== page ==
The friendship between Ralph Casey and Matthew Blass began over tea and bagels. But it was the removal of a pile of weeds that drew the men closer — so much so that Blass, a co-owner of Sea Cliff Bagel Café, agreed to become the first business in town to fulfill the dream of his favorite customer, Casey, to fly the American flag outside his store every day. And last Friday, the bagel shop, which is co-owned by Navy veteran Vincent Cefalu, became the first business to be honored for doing so by Glenwood Landing American Legion Post 336.
Casey is fond of telling the story of how his idea came to him. “I used to go to Matthew’s store every morning, and got to know him,” recalled Casey, who was the chaplain for the legion post for 11 years and the chaplain of the Nassau County Legislature in 2017. “I noticed that there were a lot of weeds out front, so I started weeding.”
Casey can still remember Blass’s surprise. “He asked what I was doing,” Casey said. “I said, ‘Pulling the weeds,’ and when Matthew asked why, I said, ‘Because it seemed like the right thing to do.’”
Blass said he offered to pay Casey, but he refused the offer. He had a better idea, which he shared with Blass after a month of weeding last spring.
There was an empty flag pole among the weeds, which made Casey think of the displays of American flags he had seen while traveling around northern New York. “When you go to the little towns upstate, almost every store has a flag,” he said. “In the Midwest, it seems like every house has a flag on it, too. I looked around Sea Cliff and Glen Head, and saw that there were only a few flags outside the stores, and those flags were ripped and shredded.”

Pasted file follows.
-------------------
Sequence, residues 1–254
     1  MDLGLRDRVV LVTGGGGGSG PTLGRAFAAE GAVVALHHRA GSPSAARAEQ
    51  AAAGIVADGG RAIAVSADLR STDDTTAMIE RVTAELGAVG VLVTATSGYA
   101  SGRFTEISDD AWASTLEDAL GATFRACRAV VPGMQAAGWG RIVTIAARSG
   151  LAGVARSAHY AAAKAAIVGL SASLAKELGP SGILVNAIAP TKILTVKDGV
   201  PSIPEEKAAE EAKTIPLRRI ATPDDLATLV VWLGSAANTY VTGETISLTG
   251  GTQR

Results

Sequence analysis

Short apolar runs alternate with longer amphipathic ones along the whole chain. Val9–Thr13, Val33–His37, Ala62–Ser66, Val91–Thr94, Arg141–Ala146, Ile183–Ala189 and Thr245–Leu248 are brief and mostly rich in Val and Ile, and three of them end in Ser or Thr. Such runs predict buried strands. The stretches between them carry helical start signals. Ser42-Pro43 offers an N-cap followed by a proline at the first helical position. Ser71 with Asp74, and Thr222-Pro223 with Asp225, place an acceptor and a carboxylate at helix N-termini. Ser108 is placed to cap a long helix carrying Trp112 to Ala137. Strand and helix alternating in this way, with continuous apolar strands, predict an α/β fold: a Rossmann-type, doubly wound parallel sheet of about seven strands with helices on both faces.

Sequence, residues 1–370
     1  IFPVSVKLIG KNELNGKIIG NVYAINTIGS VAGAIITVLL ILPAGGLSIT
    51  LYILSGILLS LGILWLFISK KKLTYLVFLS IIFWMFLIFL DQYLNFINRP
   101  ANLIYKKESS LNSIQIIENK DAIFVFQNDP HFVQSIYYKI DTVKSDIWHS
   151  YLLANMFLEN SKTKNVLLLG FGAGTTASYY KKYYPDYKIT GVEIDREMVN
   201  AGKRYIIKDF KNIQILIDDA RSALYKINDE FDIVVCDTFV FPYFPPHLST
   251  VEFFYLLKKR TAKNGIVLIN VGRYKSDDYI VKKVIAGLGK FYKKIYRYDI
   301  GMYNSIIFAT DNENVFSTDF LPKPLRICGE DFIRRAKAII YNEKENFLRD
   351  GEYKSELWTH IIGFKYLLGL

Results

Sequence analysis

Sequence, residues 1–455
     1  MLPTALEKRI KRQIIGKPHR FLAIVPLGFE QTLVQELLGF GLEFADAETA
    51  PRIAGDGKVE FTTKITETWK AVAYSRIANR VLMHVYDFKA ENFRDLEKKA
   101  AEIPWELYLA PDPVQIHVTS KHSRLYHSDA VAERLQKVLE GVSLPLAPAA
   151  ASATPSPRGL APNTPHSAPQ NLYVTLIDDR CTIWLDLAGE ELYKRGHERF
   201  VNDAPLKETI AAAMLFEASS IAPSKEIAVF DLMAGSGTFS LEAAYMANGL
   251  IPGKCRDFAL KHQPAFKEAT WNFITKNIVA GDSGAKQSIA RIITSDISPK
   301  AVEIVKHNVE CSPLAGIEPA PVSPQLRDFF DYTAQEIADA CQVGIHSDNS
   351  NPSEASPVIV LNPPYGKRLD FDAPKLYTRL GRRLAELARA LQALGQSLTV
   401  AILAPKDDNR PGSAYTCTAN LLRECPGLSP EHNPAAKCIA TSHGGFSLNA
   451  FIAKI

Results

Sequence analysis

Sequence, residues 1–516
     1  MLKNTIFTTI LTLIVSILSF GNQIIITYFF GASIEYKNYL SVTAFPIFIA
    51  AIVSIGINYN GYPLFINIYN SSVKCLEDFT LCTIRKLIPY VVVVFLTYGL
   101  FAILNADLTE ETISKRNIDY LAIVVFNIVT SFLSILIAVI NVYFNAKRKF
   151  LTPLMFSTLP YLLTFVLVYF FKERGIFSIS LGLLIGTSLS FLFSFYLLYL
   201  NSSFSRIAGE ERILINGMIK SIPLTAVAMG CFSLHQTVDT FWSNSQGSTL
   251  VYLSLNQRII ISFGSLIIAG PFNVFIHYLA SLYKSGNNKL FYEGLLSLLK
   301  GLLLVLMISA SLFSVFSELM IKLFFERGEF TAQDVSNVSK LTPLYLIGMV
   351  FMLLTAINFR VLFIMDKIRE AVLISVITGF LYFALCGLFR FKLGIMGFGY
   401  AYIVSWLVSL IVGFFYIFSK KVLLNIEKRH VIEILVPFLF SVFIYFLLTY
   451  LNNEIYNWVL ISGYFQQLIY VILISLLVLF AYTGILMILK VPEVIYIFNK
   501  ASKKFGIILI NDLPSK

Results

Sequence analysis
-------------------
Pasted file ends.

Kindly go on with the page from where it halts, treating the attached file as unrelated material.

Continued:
He asked Blass if he would fly a flag outside his store. Blass agreed to do so, and shared the idea with Charles Faulkner, a Korean War veteran he had recently hired. Faulkner was grateful, Blass said, to be working somewhere where the flag would be flown.
There are actually two flag poles outside the shop, but one has been broken for a while, Blass said. When he opened the business in 2006, both poles were operational, and Blass said he was proud to fly four flags, two American flags as well as a Navy and a POW flag. He flew a single American flag in January, but it was damaged, he said, and taken down.
Vincent J. Cefalu, the son of the shop’s co-owner, said his father was also a Korean War veteran. “I believe in this country, and there’s only one way to express that — with a flag,” the younger Cefalu said. “Anything we can do to be patriotic and support our vets, we do. They are the people who deserve to be honored and respected. Freedom doesn’t come free.”
Blass said he was happy to put the American and POW flags up two weeks ago. The Glenwood legion’s color guard took part in the ceremony that Casey and former post Commander Bill Landerer arranged. It was a beautiful ceremony, Blass said, that included the Prayer for the Flag, which is read during the community’s annual Flag Day ceremony, when legion members burn old, tattered flags.
“We want to instill in people’s minds that flying the flag is a normal thing to do,” Landerer explained. “Now people put a flag out only on holidays.”
“I’d love to see flags all down Glen Head Road,” said Richie Lindblom, a member of the color guard.
Another member, Carl Ring, said he sees the flying of flags outside businesses as a statement. “It would make the community more aware of the veterans,” he said, “especially the Vietnam veterans who, when they came home, people were against.”
Casey, who presented Blass with a thank-you label for the shop’s window, said he was encouraged, and planned to speak to other store owners about following its lead.